The Indian fight back: Two men dared to think otherwise as openers Sachin Tendulkar and Sourav Ganguly walked into the centre with a fearless attitude. It was the last ball of the 3rd over when the little master Sachin Tendulkar stood tall and smacked Aaqib Javed to long on for India’s first boundary. That opened the flood gates as both Ganguly and Tendulkar took the attack to the Pakistani bowlers. It was a stormy knock from the Little Master as he scored a memorable 41 in just 26 deliveries. Those were the days when the Indian batting line up crumbled when Sachin Tendulkar got out. But that day was not one such day. After Sachin’s dismissal, Robin Singh came to the crease and played a solid innings. Scoring singles and rotating the strike, he also scored the occasional boundary and a couple of sixes to ensure that India was still in the hunt.
At the other end, the Prince from Kolkata played one of his best knocks ever in one day cricket. Middling the ball, he went on to score a great 124, which included 11 fours and a six. The duo went on to put up a partnership of 179 which frustrated the Pakistanis into submission. Robin Singh’s innings of 82 came to an end as the score read 250/2. Mohammed Azharrudin did not provide much company to Ganguly as he disappeared after a soft dismissal when India needed 47 off 41 deliveries. The demise of the God of offside came soon after as he found himself castled by Aaqib Javed. The world saw glimpses of what a legend he would one day become as he made it back to the pavilion to a standing ovation. As the Indians suddenly started to wobble, the onus fell on Jadeja and Sidhu. However both failed to see India through as they lost their wickets to the seemingly deadly Saqlain Mushtaq, having scored a boundary each.
The Cliffhanger: With India needing 19 runs from 13 balls, Nayan Mongia joined Hrishikesh Kanitkar at the crease. Tension began to build up rapidly but the Indians heaved a sigh of relief as Mongia dispatched the first ball of the second last over for a much needed boundary. Despite tight bowling from the Pakistanis, the two managed to scramble for singles and the odd double as the match headed for that stage where some fans, who couldn’t handle the stress, stopped watching. Mongia found himself in an unnecessary runout as India found themselves needing 9 from the final over.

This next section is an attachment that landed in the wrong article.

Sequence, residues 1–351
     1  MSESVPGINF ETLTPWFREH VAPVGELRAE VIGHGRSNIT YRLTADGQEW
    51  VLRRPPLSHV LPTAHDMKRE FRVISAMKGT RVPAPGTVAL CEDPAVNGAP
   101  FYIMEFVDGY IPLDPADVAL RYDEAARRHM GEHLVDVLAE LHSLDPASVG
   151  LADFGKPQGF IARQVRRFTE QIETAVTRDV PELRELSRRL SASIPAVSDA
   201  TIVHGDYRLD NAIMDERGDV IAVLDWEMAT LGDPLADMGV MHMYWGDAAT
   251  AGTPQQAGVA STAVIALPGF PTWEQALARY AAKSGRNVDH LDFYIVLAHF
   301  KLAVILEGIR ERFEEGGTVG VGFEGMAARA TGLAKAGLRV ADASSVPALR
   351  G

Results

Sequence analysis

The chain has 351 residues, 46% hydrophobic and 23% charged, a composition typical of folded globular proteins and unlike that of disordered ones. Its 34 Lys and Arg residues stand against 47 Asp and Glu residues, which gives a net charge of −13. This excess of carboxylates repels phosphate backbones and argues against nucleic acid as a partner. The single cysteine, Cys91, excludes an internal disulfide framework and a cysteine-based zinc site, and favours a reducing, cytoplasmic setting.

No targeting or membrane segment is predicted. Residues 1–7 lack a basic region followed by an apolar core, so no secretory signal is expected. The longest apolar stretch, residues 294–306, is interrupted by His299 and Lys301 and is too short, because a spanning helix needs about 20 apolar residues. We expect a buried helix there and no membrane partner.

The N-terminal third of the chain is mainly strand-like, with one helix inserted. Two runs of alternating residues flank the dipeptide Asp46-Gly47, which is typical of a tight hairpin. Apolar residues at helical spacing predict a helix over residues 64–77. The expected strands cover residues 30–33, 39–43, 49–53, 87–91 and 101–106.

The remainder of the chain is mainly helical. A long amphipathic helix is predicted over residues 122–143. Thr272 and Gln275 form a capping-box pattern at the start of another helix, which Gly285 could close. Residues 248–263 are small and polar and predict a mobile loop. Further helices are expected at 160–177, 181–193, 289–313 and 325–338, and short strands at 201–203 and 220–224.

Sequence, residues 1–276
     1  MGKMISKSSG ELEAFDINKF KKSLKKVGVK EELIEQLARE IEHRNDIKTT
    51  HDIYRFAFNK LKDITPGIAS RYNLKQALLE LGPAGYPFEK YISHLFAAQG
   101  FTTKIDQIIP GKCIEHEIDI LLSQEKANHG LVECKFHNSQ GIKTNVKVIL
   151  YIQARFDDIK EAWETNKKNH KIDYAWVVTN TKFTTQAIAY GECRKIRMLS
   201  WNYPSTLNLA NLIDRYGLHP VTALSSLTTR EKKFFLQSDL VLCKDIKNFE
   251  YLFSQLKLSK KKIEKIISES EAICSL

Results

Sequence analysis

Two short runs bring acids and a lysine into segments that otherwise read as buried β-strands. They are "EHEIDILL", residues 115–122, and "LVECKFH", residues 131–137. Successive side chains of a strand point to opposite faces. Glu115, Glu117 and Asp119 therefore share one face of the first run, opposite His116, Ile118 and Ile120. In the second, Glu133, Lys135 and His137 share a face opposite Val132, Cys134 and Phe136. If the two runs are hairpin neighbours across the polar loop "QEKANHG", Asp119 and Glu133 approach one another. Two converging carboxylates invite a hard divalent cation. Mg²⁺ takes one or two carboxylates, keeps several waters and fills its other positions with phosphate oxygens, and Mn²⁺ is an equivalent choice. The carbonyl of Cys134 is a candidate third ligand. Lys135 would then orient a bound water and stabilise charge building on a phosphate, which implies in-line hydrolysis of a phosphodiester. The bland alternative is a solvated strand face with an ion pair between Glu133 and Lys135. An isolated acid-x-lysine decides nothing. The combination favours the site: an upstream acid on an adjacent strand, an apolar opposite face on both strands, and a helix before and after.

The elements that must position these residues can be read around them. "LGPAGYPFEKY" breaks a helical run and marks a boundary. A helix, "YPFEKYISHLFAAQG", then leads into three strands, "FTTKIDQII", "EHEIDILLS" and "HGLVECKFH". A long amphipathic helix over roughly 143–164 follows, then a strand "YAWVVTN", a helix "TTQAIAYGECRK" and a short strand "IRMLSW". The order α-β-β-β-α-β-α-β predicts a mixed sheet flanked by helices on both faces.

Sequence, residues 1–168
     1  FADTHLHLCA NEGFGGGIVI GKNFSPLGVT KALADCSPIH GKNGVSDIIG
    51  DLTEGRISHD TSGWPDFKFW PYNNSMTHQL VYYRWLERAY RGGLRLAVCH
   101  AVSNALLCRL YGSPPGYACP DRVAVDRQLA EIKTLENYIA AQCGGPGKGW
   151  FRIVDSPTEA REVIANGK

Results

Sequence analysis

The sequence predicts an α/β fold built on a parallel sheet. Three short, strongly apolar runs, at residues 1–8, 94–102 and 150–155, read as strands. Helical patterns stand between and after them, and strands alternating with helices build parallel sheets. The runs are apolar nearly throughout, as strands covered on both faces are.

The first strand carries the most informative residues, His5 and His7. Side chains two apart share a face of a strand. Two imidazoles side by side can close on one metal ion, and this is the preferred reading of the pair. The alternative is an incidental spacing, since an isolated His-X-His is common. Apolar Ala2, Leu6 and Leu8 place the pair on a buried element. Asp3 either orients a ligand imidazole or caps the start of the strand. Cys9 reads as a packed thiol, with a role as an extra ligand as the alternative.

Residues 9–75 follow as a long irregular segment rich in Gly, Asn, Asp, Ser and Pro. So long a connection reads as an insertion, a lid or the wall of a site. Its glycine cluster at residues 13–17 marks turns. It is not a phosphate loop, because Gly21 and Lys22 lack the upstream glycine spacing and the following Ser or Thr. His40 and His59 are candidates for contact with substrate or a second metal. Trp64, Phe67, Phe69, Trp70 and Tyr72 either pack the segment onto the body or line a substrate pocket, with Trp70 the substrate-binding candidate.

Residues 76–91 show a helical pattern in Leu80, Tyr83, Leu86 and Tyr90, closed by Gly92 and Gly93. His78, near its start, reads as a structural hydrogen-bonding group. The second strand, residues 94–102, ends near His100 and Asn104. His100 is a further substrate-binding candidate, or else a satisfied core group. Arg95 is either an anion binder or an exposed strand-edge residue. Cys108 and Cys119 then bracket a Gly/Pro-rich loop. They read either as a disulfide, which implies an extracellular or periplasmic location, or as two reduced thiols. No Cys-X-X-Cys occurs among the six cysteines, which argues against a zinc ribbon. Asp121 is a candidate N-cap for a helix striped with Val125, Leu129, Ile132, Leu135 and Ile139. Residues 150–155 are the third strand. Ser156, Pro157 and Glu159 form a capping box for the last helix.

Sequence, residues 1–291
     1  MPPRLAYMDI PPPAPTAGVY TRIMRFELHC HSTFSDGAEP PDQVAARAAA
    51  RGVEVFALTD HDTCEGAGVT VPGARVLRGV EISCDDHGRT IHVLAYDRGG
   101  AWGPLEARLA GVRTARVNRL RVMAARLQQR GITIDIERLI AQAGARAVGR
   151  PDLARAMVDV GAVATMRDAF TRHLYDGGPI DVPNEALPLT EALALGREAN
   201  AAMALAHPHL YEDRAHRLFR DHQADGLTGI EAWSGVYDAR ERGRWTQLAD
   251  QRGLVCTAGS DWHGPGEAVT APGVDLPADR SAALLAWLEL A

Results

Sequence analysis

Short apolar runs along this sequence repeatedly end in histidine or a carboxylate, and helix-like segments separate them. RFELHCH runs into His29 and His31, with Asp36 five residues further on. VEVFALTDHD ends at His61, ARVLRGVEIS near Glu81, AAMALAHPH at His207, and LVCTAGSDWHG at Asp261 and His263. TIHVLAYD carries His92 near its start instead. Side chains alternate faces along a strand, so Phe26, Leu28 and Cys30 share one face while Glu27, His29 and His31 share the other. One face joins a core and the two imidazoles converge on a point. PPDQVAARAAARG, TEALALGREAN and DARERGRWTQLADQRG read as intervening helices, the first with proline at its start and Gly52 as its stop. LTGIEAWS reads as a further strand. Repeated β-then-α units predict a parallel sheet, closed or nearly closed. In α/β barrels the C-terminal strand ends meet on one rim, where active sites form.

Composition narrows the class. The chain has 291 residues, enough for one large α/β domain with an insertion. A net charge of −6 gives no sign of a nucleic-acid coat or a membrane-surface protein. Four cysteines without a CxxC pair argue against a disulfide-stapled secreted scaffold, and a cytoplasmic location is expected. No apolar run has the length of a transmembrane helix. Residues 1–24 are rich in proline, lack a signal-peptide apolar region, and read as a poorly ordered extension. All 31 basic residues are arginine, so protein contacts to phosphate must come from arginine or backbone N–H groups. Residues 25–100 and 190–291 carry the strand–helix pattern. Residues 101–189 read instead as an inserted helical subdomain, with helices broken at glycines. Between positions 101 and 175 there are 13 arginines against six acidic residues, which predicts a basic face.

The ball had been handed over to Saqlain Mushtaq. A single of the first ball saw a nervy Javagal Srinath on strike as India now needed 8 off 5. Srinath took on the spinner and went for the big one only to scramble for a double. With 6 needed from 4 deliveries the experienced Srinath tried to become an unlikely hero and smashed the ball high in the air without any distance on it. Srinath’s heart must have been in his mouth as he watched three Pakistani fielders all running towards the ball at mid on. If this was caught, an entire nation would blame him for the loss to Pakistan, something which at that time was an unpardonable sin. He and the rest of India thanked their stars as the Pakistani fielders comically allowed the ball to bounce right in the middle of the three fielders!
With hardly any nails left to bite, India now needed 3 from 2 balls. Hrishikesh Kanitkar had the weight of an entire nation on his shoulders as he took his stance to face the Pakistani spinner. One clean strike would make him an instant hero. The heavens wanted exactly that as Kanitkar smashed the delivery to deep midwicket for a boundary that would etch his name in golden letters in the minds of every Indian cricket fan. An intense cliffhanger had come to an end and it was the Men in Blue who had emerged victorious.
A memorable win for India as Sourav Ganguly picked up a well deserved trophy for the Man of the Match. Sachin Tendulkar would go on to win the Man of the series as India celebrated another famous victory on a cold January day in Dhaka.